Archive for February, 2010

Time for a New Generation of Black Leaders

Written By Star Parker

Black History Month 2010 is not a great time for a party. Unemployment at almost 10%, and well over 16% among blacks, doesn’t make for much of a festive mood.

But if the mood is not festive, shouldn’t it be reflective?

Certainly, there’s reason for pride in black achievement in the forty plus years since the Civil Rights movement.

We’ve now got a couple black billionaires and a black president. The percentage of blacks with college degrees is three times greater now than in 1970.

But black household income is still just 62% of white households. And the black poverty rate, at twice the national average, has hardly budged since the late 1960’s.

Blacks should be asking hard questions when, over this period of time, many immigrants from different backgrounds have come to this country with little and moved into the middle class in one generation.

The accumulation of considerable black political power – black mayors, governors, a 42 member Black Congressional Caucus, and now a black president – has made hardly a difference. It should be clear that black economic distress is not a political problem.

Studies show that it’s family and education that produces success in America. Income correlates with education and education correlates with family background.

Now consider that in 1970, 62% of black women were married compared to 33% today.

In 1970, 74% of black men were married, compared to 44% today. Or that in 1970, 5% of black mothers were never married compared to 41% today.

The Civil Rights movement was, of course, a religiously inspired and led movement. It made liberal use of the biblical imagery of the Exodus of the Israelite slaves from Egypt. Taylor Branch called his trilogy about Dr. King and the movement he led “Parting of the Waters”, “Pillar of Fire”, and “At Canaan’s Edge.”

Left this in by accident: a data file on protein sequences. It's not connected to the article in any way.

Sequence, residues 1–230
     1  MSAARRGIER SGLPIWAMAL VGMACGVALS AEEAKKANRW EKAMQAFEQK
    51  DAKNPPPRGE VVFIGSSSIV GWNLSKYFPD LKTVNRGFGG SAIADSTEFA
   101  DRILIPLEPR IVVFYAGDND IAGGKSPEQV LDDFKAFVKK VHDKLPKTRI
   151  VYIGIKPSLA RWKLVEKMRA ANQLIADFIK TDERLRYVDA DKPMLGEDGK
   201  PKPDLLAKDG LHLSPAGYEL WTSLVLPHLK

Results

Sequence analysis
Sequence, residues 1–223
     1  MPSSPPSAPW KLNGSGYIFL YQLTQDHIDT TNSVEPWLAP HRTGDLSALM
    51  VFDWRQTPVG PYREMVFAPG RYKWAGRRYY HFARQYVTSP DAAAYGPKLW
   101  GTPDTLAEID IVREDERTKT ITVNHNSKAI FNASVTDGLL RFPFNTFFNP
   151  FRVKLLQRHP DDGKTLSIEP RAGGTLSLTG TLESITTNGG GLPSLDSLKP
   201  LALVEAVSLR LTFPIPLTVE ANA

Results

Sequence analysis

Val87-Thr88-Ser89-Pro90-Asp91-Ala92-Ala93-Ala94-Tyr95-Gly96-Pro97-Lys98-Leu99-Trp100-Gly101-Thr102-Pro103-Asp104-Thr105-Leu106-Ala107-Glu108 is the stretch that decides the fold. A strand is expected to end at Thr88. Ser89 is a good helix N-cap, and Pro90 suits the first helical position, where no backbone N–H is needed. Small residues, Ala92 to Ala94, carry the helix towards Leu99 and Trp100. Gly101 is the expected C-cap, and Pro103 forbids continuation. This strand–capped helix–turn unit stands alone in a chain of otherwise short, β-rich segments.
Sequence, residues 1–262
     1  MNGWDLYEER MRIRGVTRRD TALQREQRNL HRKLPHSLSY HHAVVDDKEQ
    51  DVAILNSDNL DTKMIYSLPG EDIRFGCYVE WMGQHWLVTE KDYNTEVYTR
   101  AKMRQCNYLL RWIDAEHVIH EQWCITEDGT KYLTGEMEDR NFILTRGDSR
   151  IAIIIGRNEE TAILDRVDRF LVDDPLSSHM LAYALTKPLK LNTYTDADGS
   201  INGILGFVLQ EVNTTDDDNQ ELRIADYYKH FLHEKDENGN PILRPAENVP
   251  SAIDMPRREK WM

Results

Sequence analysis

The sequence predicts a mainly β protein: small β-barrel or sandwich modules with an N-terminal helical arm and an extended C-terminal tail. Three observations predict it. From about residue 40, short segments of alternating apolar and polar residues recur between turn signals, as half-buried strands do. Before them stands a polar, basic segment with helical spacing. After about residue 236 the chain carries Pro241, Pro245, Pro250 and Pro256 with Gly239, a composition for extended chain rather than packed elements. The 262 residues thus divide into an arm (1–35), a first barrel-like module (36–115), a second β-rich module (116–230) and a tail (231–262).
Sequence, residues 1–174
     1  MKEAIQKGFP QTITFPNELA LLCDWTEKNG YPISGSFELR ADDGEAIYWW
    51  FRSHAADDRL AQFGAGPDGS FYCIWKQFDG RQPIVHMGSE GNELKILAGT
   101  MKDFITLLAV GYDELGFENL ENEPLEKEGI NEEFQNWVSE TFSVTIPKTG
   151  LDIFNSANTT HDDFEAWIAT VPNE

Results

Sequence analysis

To the misfortune of blacks who put great hope in the redemptive powers of that movement, their leaders prematurely closed their bibles.

The story of the liberation of the Israelite slaves did not end with their release from their Egyptian taskmasters. That was the beginning. They then proceeded to the mountain in the wilderness to receive the law to take with them and live by in the Promised Land.

When it was clear that the former Egyptian slaves were not up to the task, they were condemned to wander for forty years in the wilderness so that a new generation would arise, enter the land, and build the nation.

Let’s recall that the law they received was about family (honor your parents), about property and ownership (thou shalt not steal), and about being concerned about building your own and not what your neighbor has (thou shalt not covet).

Rather than seeking redemption through this law, post-Civil Rights movement black leaders sought redemption in politics. The welfare state, entitlements, transfer payments, and the politics of differences and envy. Should we be surprised by the result?

The New York Times recently reported that from 2004 to 2008, the political and charitable arms of the Congressional Black Caucus raised more than $55 million from corporations and unions. According to the Times, most of these funds were “spent on elaborate conventions…a headquarters building, golf outings,…and an annual visit to a Mississippi casino resort.”

More was spent on the caterer for the Caucus’s Foundation annual dinner – $700,000 – than it gave out in scholarships.

It’s now over forty years since the Civil Right movement. Enough wandering in the wilderness.

It’s time for a new generation of black Americans to step forward. A generation to turn to the truths that will rebuild black lives, black families, and lead blacks to the freedom that Dr. King and all blacks have dreamed about.

History turned right side up

The friend of minorities and immigrants is not govern­ment but “Work! Work!! Work!!! Work!!!!” | Marvin Olasky  WORLD Magazine

Oscar Stanton De Priest (1871-1951) was the first African-American elected to Congress in the 20th century. Like Barack Obama, he rose through Chicago machine politics. Unlike Obama, De Priest was a Republican firmly opposed to big government. He lost his seat in 1934 when African-Americans voted their empty pocketbooks and began a massive switch from the Republican Party that had claimed their allegiance for 70 years to the Democrats who have claimed their allegiance for the past 75.